In addition, anything related to the algorithm that’s been kept confidential—any encrypted data or server-side code that’s not publicly accessible—would be protected by California trade secret law (the federal Defend Trade Secrets Act not having yet gone into effect when these episodes aired). If Hooli could demonstrate that the right to keep the compression algorithm secret belonged to the company by virtue of Richard’s employment contract, then Pied Piper’s use of the algorithm in connection with its own business might be actionable misappropriation. In addition, as long as the algorithm remained confidential, Hooli might be able to deny third parties access and thus monopolize the technology.

Could Hooli own Richard’s algorithm?
 

Assuming, then, that there’s something proprietary about the Pied Piper algorithm, how strong are Hooli’s claims?

At the opening of season two’s second episode, we find Richard in the office of Ron LaFlamme, a caricature of the sort of arrogant, studiously casual young attorney particular to California’s tech scene (one that frankly hits a little close to home). Despite his frat boy persona, LaFlamme immediately asks all the right questions about Richard’s creation of the algorithm: Was it related in any way to his job at Hooli? Did he ever work on it while he was on the clock? Did he use company resources to develop the idea?

LaFlamme accepts Richard’s denials with a wink and a nod, but, later in the season, it’s revealed that Richard did in fact run a single test of the algorithm on a Hooli computer during a period when his personal laptop was being repaired. This transgression is treated as the smoking gun that proves Hooli’s case, one that is obscured only by the fact that Richard refers to his laptop as his “girlfriend” in the email correspondence that’s turned over to opposing counsel during discovery.

When Hooli’s lawyers decrypt the “girlfriend” cipher during the parties’ binding arbitration, they are able to corner Richard into admitting limited use of Hooli property during Pied Piper’s development. The judge therefore concludes that the technology belongs to Hooli.

 

 

Under U.S. copyright law, works of authorship that are created as part of the author’s employment are considered Works Made for Hire and owned by the employer. There’s no analogous “invention made for hire” in patent law, though employers may have a right to a royalty-free license to patents arising from employee efforts under a common-law doctrine called “shop rights.”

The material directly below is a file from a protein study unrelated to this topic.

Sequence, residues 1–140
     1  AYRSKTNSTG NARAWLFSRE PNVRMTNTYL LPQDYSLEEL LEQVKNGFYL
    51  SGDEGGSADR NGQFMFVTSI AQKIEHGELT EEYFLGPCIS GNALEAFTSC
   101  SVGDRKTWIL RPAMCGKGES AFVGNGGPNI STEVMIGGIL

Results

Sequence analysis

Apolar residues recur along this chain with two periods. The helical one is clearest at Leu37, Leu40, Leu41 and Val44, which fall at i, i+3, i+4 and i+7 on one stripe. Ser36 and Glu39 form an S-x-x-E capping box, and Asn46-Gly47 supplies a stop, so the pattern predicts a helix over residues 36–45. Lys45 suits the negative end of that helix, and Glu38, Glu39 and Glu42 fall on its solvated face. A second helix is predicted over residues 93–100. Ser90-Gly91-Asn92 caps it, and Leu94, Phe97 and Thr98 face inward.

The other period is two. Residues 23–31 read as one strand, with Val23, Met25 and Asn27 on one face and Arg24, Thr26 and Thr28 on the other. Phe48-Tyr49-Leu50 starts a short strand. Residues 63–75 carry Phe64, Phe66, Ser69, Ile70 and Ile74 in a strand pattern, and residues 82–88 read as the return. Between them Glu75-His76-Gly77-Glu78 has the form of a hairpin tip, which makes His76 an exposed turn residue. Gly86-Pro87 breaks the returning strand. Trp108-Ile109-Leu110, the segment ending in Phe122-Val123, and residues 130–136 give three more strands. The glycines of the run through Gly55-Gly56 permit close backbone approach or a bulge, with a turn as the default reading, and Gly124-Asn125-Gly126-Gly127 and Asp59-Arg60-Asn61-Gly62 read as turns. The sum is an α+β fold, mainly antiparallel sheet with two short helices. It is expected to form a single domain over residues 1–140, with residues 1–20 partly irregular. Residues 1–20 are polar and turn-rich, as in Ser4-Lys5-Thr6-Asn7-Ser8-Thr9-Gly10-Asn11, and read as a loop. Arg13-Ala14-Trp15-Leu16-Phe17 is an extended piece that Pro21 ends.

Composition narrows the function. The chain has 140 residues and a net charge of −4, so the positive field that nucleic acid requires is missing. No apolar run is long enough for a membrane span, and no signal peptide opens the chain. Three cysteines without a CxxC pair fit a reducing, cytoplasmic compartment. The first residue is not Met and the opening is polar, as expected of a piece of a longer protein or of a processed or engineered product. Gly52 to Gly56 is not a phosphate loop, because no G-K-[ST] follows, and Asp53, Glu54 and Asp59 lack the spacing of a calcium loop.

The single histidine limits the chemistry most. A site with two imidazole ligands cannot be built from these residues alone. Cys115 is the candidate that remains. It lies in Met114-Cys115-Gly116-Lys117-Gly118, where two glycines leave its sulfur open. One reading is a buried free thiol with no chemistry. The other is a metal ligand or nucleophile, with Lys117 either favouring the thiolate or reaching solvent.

In addition, many employment agreements, particularly in the technology sector, will contain provisions related to ownership of intellectual property. These will typically require employees to disclose to the company any inventions and assign any patent rights arising from their employment, as well as assign the copyright to any works created within the scope of their employment (to the extent they’re not already owned by the employer as works made for hire). Employment agreements will also usually contain non-disclosure obligations, either within the intellectual property paragraphs or separately or both, that will ensure that the employee must keep confidential any trade secrets arising out of the employment, including information created or discovered by the employee.

It’s not unheard of for employment agreements to incorporate IP sections that require employees to assign the rights to wholly personal creative projects, but most are explicitly limited to IP that arises within the scope of employment. In fact, California and many other states have laws that prohibit overly broad assignment provisions that purport to do otherwise.
 

Therefore, Silicon Valley correctly frames the central issue in Hooli v. Hendricks, which is the extent to which the Pied Piper compression technology was related to Richard’s work at Hooli. Richard describes his job as “quality assurance for mobile messaging.” That sounds pretty unrelated, though maybe not to such an indisputable degree as to make Hooli’s lawsuit frivolous on its face.

Yet, because Richard used an employer computer on a single occasion to test his algorithm (which was presumably already substantially developed by that point), he loses. It seems a little unlikely that an entire case would turn on such a superficial fact. It almost certainly wouldn’t be enough to establish that Richard’s code was a Work Made for Hire or that the program was otherwise within the scope of his employment.